According to The Carpet and Rug Institute, the carpet industry in the United States began in 1791 when William Sprague founded the first woven carpet mill in Philadelphia. Other mills opened during the early 1800s in New England.
In 1839, Erastus Bigelow, an American industrialist, developed a power carpet loom, the first in a series of machines that revolutionized carpet manufacturing. Bigelow's invention made possible the production of large quantities of attractive carpeting at reasonable prices. Now, wall-to-wall carpeting has become a standard covering for floors in middle-class homes and businesses.
Another flooring developed during the same era was linoleum. Patented in 1863, it was an inexpensive and durable flooring composed of linseed oil, powdered cork, and other materials on a fiber backing. An early kind of linoleum, called battleship linoleum, was first used on the decks of warships.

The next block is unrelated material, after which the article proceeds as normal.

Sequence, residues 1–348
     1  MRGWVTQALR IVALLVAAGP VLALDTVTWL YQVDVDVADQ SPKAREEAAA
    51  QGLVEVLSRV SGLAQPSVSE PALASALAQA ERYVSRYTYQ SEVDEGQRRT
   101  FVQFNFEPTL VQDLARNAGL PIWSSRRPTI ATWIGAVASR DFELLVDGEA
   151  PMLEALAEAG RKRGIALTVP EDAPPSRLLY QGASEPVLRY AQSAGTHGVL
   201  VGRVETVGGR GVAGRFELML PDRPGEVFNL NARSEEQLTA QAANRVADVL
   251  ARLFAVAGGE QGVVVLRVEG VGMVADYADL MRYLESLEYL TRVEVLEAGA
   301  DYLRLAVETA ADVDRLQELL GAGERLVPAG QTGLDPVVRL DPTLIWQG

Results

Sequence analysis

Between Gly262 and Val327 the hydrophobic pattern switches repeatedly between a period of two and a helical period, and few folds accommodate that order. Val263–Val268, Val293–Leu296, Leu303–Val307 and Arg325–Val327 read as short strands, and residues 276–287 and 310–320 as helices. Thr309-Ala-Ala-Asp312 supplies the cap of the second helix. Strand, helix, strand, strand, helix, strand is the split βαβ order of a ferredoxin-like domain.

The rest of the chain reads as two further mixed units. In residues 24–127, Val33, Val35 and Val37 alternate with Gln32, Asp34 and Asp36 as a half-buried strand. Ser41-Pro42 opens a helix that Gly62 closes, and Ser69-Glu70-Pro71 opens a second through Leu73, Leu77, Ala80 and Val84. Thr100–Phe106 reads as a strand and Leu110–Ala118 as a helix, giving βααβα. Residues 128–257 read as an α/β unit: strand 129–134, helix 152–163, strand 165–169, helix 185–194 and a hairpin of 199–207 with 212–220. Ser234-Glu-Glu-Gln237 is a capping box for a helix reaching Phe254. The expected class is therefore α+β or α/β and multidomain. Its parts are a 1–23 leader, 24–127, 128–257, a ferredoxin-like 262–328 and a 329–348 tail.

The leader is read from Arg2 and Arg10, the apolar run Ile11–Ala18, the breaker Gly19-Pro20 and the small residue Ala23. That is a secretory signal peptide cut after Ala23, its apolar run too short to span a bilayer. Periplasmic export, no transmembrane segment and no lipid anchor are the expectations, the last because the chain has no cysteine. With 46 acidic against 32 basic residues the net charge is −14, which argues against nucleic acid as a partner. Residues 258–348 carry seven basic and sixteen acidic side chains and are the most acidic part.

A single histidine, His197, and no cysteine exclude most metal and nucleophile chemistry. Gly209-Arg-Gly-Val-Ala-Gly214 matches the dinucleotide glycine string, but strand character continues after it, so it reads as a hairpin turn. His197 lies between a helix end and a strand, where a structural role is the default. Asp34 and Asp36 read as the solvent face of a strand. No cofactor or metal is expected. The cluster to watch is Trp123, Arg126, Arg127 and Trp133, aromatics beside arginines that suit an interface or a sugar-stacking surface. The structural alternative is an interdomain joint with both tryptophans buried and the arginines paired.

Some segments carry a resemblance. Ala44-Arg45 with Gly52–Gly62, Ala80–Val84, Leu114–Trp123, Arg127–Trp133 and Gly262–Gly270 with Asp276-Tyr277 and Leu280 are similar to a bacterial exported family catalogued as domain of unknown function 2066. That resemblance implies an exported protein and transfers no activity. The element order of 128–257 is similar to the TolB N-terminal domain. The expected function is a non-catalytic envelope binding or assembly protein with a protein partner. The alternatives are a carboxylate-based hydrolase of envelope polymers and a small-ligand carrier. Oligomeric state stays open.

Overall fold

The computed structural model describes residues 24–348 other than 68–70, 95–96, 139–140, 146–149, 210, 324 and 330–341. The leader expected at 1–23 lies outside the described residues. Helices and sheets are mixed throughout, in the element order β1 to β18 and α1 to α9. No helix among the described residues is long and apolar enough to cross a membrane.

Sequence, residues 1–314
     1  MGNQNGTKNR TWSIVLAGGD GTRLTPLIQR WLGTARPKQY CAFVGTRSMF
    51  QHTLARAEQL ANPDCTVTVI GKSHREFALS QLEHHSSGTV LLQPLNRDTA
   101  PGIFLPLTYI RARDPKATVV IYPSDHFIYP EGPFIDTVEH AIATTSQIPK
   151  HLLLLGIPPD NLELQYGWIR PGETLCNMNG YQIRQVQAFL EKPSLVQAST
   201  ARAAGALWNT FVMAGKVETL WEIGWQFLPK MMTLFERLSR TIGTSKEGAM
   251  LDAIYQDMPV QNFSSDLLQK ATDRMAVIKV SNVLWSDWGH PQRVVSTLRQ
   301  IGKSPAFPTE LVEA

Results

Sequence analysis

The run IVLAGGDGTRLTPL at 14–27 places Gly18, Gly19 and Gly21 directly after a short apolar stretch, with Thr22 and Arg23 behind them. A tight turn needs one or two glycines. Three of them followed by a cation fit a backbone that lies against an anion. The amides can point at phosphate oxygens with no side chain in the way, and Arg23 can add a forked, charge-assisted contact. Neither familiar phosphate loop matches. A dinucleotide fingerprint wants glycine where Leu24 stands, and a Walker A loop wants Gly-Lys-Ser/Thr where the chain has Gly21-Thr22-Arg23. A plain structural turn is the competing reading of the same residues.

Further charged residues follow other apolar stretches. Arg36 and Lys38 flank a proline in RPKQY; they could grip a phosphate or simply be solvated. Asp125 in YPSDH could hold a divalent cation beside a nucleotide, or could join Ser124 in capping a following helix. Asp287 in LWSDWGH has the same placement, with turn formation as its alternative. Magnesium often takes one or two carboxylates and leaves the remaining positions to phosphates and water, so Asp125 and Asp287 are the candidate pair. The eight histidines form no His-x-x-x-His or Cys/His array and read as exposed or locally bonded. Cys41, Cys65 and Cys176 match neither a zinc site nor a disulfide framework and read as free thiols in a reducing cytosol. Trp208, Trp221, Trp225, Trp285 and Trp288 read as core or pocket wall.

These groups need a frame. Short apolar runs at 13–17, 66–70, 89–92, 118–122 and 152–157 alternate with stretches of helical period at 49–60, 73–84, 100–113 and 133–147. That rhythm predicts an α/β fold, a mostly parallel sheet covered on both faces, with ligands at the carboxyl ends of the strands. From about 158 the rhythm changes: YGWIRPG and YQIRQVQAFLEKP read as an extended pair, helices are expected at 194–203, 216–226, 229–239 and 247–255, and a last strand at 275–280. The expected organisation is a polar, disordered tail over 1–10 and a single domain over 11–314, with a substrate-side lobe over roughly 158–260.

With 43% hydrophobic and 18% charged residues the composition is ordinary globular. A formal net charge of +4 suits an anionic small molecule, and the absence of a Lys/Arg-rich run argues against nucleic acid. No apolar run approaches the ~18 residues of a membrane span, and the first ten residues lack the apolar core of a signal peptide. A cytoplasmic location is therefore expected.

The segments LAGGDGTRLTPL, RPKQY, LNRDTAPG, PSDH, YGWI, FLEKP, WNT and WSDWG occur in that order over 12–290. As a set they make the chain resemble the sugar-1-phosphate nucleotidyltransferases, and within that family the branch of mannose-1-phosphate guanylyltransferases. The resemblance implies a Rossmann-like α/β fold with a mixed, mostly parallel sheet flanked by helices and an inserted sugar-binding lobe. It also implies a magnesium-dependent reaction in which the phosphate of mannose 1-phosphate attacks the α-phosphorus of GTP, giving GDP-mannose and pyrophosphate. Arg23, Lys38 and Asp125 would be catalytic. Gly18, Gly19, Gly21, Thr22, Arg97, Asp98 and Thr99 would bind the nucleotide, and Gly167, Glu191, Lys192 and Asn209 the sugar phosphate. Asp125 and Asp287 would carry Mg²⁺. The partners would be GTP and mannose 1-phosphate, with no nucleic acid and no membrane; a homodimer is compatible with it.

Many floor coverings today are made of materials that have been developed since World War II. The synthetic fibers often found in carpets today have significant practical advantages over the natural fibers used many years ago. Over the years, various materials have been used in resilient flooring, including rubber, asphalt, and cork. Newer resilient flooring is most often made of vinyl, a synthetic plastic material, or linoleum.
With the growing popularity of flooring materials like these came the need for skilled workers who could efficiently measure, cut, and install the materials to fit exactly, stay in place, and present a clean appearance. Today, floor covering installation is a well-established craft in the building trades.
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